Lung cancer can be divided in two main types: non-small cell lung cancer (NSCLC) and small cell lung cancer (SCLC). Smoking is the major risk factor for both subtypes and symptoms are similar, including shortness of breath and a persistent cough, but therapeutic intervention differs. SCLC is particularly recalcitrant to chemotherapeutic treatment: chemoresistance rapidly occurs after an initial chemosensitivity. No targeted therapies are currently available, and the low frequency of oncogenic driver mutations limits the druggable targets. However, SCLC exhibits frequent mutations in chromatin-regulating genes, suggesting that targeting the epigenetic remodeling is a promising strategy. Among these targets, Lysine-specific histone demethylase 1A (LSD1) is highly expressed in SCLC and is known to silence the transcription of target genes. LSD1 inhibitors showed efficacy in preclinical models of SCLC, but the underlying mechanism is unknown. The MacPherson lab, Human Biology Division, recently proposed in Science Signaling that the modulation of NOTCH signaling by LSD1 inhibition is key to the therapeutic efficacy.
As the objective of the study was to understand the efficacy of LSD1 inhibition, Dr. Arnaud Augert and colleagues started by screening SCLC cell lines for the antiproliferative activity of ORY-1001, a selective inhibitor of LSD1. RNAseq analysis of these cell lines after treatment revealed that the NOTCH signaling pathway was one of the most dysregulated by treatment; many components of the pathway were upregulated upon LSD1 inhibition. In accordance with these results, Achaete-scute homolog 1 (ASCL1), transcriptionally suppressed by NOTCH signaling, was downregulated after LSD1 inhibition. Interestingly, ASCL1 is a transcription factor that promotes neuroendocrine transcriptional programs, which are reactivated in SCLC.
However, it is well known that tumor cell lines rapidly diverge from the originating tumor when cultured for a long period of time. Thus, when the authors started to dig further into the mechanism, they decided to use a model in which cells would be closer to their initial status in the tumor. They isolated tumor cells from SCLC patient-derived xenograft (PDX) samples, in which patient tumor cells are passaged in vivo in mice, thereby limiting selection pressures and maintaining heterogeneity. Exposure of these cells to different concentrations of ORY-1001 allowed them to determine the IC50 of ORY-1001 for each and classify them as sensitive or resistant. Co-first author of the study Dr. Emily Eastwood explains: “When the therapeutic potential of LSD1 inhibition was examined across a panel of PDX models, a complete and durable response was observed in one exceptionally responding PDX model. These findings were exciting, because I generated this exceptionally responding model from a chemoresistant patient – a patient with few therapeutic options.” When analyzing these cells by Western Blot (WB) and RNAseq, the authors demonstrated that sensitive cells robustly overexpress NOTCH and downregulate ASCL1 after LSD1 inhibition, whereas resistant cells respond to LSD1 inhibition with modest changes in NOTCH/ASCL1. Sequencing after chromatin immunoprecipitation (ChIP-seq) revealed that LSD1 binds to the NOTCH locus and that LSD1 inhibition results in increased acetylation of the lysine 27 in histone 3 (H3K27Ac), a landmark for transcriptional activation.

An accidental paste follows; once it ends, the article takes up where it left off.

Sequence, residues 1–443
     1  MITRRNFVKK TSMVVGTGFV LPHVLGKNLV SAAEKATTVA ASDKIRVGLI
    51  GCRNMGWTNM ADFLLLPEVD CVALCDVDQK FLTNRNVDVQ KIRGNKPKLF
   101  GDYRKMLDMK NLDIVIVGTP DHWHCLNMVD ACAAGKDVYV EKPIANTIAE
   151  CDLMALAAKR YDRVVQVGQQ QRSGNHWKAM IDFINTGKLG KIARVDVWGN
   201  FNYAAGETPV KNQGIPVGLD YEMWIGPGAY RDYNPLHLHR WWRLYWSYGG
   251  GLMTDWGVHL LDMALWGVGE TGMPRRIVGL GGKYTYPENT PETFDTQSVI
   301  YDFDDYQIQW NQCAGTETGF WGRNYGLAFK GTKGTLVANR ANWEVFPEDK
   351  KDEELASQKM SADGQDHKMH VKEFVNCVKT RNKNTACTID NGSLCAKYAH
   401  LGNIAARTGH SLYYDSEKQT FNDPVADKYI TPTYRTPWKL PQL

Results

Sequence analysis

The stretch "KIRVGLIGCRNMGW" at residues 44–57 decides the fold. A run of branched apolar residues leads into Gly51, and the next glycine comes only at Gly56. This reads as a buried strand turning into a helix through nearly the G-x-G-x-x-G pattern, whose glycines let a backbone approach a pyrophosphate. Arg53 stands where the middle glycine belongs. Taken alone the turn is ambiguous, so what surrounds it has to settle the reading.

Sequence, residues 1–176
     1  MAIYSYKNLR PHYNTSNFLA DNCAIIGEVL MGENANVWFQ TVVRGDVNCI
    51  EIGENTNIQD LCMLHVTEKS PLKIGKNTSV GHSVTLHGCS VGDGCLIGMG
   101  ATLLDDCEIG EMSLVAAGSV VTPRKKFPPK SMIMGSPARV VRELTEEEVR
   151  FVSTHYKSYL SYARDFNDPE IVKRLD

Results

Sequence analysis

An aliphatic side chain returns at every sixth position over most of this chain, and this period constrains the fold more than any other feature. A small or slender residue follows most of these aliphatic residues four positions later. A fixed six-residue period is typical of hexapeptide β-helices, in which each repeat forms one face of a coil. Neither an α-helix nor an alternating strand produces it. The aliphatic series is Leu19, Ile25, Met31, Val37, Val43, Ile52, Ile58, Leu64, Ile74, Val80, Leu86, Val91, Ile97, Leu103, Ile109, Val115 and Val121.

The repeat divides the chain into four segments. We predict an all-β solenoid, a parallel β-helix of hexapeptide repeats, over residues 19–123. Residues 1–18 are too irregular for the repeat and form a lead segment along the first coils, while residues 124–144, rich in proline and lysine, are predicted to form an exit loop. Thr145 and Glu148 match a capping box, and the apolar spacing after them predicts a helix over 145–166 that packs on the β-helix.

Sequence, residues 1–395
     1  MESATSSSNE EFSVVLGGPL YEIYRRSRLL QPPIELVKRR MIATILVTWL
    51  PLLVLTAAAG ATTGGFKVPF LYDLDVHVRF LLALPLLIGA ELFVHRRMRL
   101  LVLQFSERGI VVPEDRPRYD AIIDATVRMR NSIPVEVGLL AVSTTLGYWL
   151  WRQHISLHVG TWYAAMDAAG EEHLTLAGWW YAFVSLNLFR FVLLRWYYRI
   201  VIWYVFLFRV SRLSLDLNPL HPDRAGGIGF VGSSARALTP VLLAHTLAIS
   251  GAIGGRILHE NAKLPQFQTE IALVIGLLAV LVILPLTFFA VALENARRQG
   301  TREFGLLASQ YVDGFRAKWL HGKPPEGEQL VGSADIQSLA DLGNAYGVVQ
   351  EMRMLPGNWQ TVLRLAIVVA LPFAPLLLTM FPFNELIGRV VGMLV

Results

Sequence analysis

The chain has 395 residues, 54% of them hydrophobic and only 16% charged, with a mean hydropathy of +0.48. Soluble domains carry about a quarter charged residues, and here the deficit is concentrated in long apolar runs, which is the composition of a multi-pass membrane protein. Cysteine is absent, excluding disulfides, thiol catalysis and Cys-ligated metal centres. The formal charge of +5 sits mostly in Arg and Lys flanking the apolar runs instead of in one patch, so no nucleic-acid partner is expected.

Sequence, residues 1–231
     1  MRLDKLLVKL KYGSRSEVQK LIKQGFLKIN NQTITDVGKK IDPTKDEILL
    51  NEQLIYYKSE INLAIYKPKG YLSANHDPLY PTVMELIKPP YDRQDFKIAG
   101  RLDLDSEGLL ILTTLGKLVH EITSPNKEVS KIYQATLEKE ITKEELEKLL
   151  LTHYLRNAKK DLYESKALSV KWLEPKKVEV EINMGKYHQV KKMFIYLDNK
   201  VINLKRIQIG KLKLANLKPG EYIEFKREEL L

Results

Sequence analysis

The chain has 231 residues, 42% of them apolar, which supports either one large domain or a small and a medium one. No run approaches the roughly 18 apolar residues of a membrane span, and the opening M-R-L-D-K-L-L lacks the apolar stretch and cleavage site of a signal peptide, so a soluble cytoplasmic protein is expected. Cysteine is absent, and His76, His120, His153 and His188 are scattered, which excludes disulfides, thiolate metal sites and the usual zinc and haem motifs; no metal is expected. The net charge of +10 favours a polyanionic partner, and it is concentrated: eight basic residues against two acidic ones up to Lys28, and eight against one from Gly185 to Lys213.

In order to assess the importance of each of the components of the LSD1-NOTCH-ASCL1 axis in ORY-1001 activity, the researchers used small hairpin RNA (shRNA) against LSD1 and ASCL1 in sensitive cells. Whereas both shLSD1 and shASCL1 cells exhibited reduced proliferation and viability compared to controls, only shLSD1 led to an increase NOTCH signaling as assessed by WB. Similarly, inducible expression of the NOTCH intracellular domain (NICD), independent of extracellular signaling, was sufficient to repress ASCL1 and prevent tumor cell proliferation. As an ultimate demonstration of the robustness of the proposed mechanism, pharmacological inhibition of the NOTCH signaling using gamma-secretase inhibitors (gamma-secretases cleave and release the NICD upon NOTCH receptor activation) partially rescued the anti-tumor effect of ORY-1001. Dr. Augert concludes: “We show that a selective LSD1 inhibitor ORY-1001 leads to the activation of NOTCH signaling, a tumor suppressive pathway in SCLC. Activation of NOTCH signaling results in the suppression of the transcription factor ASCL1, a master regulator of neuroendocrine cell fate. The suppression of ASCL1 ultimately leads to the repression of SCLC tumorigenesis”.
Furthermore, NOTCH signaling activation and ASCL1 inhibition was also observed in vivo when PDX were treated with ORY-1001, leading to increased apoptosis and slower tumor growth. However, the differential response between responders to ORY-1001 and non-responders is still unclear. This is an ongoing work in the MacPherson lab, Dr. Emily Eastwood says: “We still need to understand the underlying reason why some SCLC models robustly activate NOTCH and suppress ASCL1. I hope to find additional exceptional responders by screening through other PDX models that are still in the pipeline and link exceptional response with other genetic mutations”.
This work was supported by National Institutes of Health, a Seattle Translational Tumor Research Grant, the Lung Cancer Research Foundation, Roche and a University of Washington Cancer Consortium Support Grant.
Cancer Consortium faculty members Drs David MacPherson, Renato Martins, Keith Eaton and Denny Liggitt contributed to this research.
Augert A, Eastwood E, Ibrahim AH, Wu N, Grunblatt E, Basom R, Liggitt D, Eaton KD, Martins R, Poirier JT, Rudin CM, Milletti F, Cheng WY, Mack F, MacPherson D. 2019. Targeting NOTCH activation in small cell lung cancer through LSD1 inhibition. Sci Signal. 12(567). doi: 10.1126/scisignal.aau2922.